Read the full Arctic Report Card, which includes the first reports on harmful algal blooms and plastic pollution in the Arctic. Click the image above to watch the video with highlights from the report.
Article2The Argo Program Celebrates 2 Million Profiles!

On Monday, December 10th, Argo partners were joined by NOAA OAR's Craig McLean and RDML Tim Gallaudet to celebrate the remarkable achievement of recording two million profiles. The cake cutting ceremony was well attended at NOAA's booth at the AGU Fall Meeting in Washington, D.C. Argo Director, Breck Owens spoke about the history of the 20 year old ocean observing program and its journey in revolutionizing oceanography. 

An article commemorating this achievement has been posted to the NOAA Research website, and shared on Facebook and Twitter with more than 85 impressions. Congratulations to all of our Argo partners on reaching this milestone, and we are excited for the future of the Argo Program. 

The Tropical Pacific Observing System 2020 Project (
TPOS 2020) held it's 5th Steering Committee meeting in Yokohama Japan in early November. At this meeting, TPOS 2020 partners presented their forward looking ideas related to the project and Steering Committee members discussed the content of the 2nd Report. The TPOS 2020 2nd Report is the second of three expected reports from TPOS 2020, which has the goal of redesigning the observing system to improve our understanding of ENSO and make it more resilient against system degradation. The 2nd Report will be open for expert and community review from early January to early February 2019, with an expected publication date of March 2019.
T he NSF Mid-scale Research Infrastructure-2 Program (Mid-scale RI-2) supports implementation of projects that comprise any combination of equipment, instrumentation, computational hardware and software, and the necessary commissioning and human capital in support of implementation of the same. The total cost for Mid-scale RI-2 projects ranges from $20 million to below the minimum award funded by the Major Research Equipment and Facilities Construction (MREFC) Program, currently $70 million. Mid-scale RI-2 projects will directly enable advances in any of the research domains supported by NSF, including STEM education. Projects may also include upgrades to existing research infrastructure.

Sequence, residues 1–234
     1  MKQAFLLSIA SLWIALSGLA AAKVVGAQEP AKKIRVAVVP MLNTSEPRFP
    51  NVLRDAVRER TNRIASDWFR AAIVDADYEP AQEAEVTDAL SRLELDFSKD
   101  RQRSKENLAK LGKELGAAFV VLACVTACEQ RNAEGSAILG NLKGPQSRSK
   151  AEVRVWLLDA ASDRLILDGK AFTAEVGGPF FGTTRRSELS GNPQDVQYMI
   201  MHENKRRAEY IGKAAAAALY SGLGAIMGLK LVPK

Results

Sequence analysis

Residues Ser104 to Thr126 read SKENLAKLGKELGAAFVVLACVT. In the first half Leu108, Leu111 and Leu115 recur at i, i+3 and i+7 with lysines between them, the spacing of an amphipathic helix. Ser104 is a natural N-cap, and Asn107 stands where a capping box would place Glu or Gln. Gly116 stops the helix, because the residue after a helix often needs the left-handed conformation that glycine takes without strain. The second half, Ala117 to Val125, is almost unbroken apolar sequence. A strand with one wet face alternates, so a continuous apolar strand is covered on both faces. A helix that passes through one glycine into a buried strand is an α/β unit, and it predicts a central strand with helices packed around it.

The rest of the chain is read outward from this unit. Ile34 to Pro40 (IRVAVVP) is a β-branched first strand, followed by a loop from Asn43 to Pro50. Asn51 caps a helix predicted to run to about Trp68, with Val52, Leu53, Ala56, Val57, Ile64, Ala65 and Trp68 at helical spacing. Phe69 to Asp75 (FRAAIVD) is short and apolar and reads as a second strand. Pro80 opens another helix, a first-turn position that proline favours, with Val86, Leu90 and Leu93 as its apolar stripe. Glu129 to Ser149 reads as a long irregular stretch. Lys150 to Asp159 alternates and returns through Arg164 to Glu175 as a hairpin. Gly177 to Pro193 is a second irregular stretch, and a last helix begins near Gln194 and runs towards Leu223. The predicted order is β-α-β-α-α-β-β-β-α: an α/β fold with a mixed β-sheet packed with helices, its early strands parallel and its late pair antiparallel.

Letters of Intent are due February 8, 2019. Click for more details and deadlines.
Article6NOAA R&D Plan: Public Comment Period Open 

The NOAA Research and Development Enterprise Committee (RDEC) is a cross-line office committee under the NOAA Research Council that is tasked with developing the next NOAA R&D Plan. There is currently a public comment period open until February 8, 2019 for submitting comments to inform the development of the plan. Both internal and external comments can be sent via email to [email protected], and internal groups can use the subject line "Internal Comment on NOAA R&D Plan." 

For more details and updates, visit the NOAA Research Council or the Federal Register Notice.
BioGeoChemUpcoming Training Course on Biogeochemical Sensors

The International Ocean Carbon Coordination Project (IOCCP) and EU BONUS INTEGRAL Project (Integrated carboN and TracE Gas monitoRing for the bALtic sea) are organizing a 10-day international training course on "Instrumenting our ocean for better observation: a training course on a suite of biogeochemical sensors." The course will be held on June 10-21, 2019 at the Sven Lovén Center for Marine Sciences, in Kristineberg, Sweden. Application process will open in mid-December 2018. Save the dates and stay tuned for updates on the course. 
As always, for the OOMD community, by the OOMD community,

Jessica Mkitarian
  [301-427-2472 ]